Year one of college is done! No more being a freshman. I am now a sophomore come September, if not now! What a tough semester it has been.
Anyway, this past month I was sitting with an English professor – now teacher friend of mine – and talking about what has happened in regard to the Baltimore riots. To say it was extraordinary barely scratches the surface. During the conversation we had, she said that “one can not truly grasp what those people are going through.” The use of this phrase was in the context of the people going nuts after what had happened in Baltimore and how people from such drastically different lives and worlds can interact but never truly understand what the other person’s life has been or is. We have all heard it before – philosophical phrases such as “Never criticize a man until you walk a mile in his moccasins.” There are hundreds of derivatives of this phrase, all warning one about the angers of passing judgment on another individual. However, the myth of a shared reality seems to resonate deeper than all other philosophies. It suggests, or perhaps it flat out states, that the idea of one person truly understanding the reality of another person is not even substantially possible. Every person lives their own life. Oh sure, every family and every one works diligently to help with shaping and guiding their life, but when you get right down to it, every life is solitary and unique.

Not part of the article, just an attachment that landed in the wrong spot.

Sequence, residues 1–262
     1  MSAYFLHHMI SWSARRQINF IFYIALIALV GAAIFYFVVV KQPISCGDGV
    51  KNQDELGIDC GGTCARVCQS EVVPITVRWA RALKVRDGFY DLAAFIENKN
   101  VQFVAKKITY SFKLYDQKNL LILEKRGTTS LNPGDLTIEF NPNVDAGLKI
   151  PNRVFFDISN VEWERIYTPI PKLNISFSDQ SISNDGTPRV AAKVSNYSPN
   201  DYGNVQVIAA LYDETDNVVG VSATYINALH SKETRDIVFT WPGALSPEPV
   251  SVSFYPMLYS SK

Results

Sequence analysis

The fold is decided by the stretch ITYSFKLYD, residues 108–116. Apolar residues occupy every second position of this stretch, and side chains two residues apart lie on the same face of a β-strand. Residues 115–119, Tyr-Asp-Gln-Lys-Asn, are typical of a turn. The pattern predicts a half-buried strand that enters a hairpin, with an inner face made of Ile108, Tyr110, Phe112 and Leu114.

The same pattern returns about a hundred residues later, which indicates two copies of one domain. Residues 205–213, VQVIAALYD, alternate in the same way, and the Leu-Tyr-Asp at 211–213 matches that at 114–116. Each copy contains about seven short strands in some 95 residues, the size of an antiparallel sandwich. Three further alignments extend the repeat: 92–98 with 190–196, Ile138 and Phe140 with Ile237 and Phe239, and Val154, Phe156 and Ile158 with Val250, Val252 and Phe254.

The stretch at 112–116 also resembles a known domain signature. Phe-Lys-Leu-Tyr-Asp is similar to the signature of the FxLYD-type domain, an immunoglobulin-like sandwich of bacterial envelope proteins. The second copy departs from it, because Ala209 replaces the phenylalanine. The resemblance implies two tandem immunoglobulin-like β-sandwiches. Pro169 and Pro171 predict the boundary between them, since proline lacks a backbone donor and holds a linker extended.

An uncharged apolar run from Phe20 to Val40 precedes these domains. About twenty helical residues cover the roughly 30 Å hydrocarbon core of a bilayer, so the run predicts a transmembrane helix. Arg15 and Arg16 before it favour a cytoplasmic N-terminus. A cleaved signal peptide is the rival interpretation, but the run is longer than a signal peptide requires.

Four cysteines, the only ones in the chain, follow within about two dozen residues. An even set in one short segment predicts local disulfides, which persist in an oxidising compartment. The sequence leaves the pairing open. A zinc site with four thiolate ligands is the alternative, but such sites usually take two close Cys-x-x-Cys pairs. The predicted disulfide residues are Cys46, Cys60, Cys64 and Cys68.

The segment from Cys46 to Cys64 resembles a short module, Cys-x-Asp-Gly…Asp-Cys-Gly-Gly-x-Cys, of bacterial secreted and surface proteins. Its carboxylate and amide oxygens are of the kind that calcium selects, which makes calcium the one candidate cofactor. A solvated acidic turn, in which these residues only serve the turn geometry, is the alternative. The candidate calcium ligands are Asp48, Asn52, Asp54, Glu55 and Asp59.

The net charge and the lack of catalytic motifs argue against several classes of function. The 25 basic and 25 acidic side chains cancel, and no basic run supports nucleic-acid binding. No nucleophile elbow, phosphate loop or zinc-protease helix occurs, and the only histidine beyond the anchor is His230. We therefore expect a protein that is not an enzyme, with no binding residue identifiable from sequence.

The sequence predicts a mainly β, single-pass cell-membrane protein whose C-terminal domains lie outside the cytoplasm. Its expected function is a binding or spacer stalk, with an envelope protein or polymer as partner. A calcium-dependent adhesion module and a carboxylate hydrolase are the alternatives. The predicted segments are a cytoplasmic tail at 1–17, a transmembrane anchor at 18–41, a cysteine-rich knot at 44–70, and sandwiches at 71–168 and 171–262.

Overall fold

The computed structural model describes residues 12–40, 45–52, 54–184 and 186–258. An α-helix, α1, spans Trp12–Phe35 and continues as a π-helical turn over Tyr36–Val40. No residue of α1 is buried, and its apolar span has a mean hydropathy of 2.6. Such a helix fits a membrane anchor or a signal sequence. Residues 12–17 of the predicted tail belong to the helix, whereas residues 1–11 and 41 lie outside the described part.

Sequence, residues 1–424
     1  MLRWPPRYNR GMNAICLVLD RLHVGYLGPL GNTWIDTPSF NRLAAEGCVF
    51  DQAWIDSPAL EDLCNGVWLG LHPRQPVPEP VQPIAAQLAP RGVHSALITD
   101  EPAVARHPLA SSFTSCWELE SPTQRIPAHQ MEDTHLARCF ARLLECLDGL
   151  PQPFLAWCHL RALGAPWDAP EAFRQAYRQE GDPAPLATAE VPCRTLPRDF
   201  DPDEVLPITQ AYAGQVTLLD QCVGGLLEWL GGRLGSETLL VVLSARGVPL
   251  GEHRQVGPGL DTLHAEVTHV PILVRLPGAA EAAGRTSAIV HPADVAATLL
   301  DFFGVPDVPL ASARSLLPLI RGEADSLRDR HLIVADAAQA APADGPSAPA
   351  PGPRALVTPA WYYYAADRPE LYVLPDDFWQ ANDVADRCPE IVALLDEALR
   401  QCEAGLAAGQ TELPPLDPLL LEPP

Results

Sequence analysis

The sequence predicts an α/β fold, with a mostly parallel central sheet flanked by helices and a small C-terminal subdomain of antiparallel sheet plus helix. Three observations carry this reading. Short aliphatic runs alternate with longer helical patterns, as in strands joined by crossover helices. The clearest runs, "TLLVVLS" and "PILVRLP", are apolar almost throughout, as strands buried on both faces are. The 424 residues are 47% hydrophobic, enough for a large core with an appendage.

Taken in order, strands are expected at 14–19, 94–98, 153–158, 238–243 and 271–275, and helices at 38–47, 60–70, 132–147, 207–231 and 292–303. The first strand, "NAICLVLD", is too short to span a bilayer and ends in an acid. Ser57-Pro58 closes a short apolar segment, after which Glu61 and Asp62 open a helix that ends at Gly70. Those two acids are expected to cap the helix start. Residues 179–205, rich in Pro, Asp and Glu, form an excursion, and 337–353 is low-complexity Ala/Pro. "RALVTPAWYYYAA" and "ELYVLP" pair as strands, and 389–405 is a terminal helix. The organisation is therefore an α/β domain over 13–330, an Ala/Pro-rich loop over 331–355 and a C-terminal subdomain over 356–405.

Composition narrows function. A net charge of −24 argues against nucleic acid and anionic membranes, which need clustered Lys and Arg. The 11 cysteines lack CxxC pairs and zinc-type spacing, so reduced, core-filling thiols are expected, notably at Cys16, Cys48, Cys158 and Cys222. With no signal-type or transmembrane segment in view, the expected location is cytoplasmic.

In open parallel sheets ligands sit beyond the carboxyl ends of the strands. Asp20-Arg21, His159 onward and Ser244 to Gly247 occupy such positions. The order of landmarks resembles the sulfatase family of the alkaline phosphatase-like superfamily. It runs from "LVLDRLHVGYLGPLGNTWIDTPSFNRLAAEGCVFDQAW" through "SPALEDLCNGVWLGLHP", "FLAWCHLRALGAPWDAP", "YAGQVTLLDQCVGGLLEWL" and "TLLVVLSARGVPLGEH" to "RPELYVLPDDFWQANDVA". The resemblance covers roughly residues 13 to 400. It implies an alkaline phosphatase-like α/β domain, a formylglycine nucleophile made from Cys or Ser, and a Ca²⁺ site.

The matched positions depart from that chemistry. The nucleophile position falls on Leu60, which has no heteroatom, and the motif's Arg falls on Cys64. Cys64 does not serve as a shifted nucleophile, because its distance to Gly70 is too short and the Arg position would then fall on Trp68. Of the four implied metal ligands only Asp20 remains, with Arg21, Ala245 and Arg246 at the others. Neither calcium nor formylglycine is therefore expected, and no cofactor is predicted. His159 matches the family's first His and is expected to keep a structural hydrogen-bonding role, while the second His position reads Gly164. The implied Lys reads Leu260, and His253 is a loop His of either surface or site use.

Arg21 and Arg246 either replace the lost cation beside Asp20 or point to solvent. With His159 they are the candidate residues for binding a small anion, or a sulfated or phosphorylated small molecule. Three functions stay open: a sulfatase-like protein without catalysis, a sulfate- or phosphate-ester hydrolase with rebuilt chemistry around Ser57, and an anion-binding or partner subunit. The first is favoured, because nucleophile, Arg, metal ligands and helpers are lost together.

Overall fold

My relationships with my family and friends are mine and mine alone. Yet, my family and friends interact with other people differently than they interact with me because my reality is mine and their reality is theirs. As an example, just because a bunch of us may have been in the same college band does not mean that we all had the exact same experience. If there were 240 people in the band then there were 240 SEPARATE realities of the exact same memory (go on, work on that for a while and see if your brain does not start to overload). Let me get more specific and look at a singular event.
There are two people that are leaving SCSU college to go back to their hometown – one going back to Meriden and one going back to Rhode Island. Their names are Dom and Rob. My experience with them during the semester that we lived together became my reality, but it was not the same reality or experience for anyone else. Yes, we were all in the same place at the same time – but were we really? Not literally. I was in a dorm or practice room or working to do what I had to do, while the vast majority of everyone else were spending their time doing whatever they needed to do. Each of us had different responsibilities. I will bet that some were similar person to person, but ultimately they were all different in some manner. Thus our realities were different even though we were doing the same thing – living life while we had the chance.
Now here is where it gets just a little crazy – who is to say one reality is more real than another?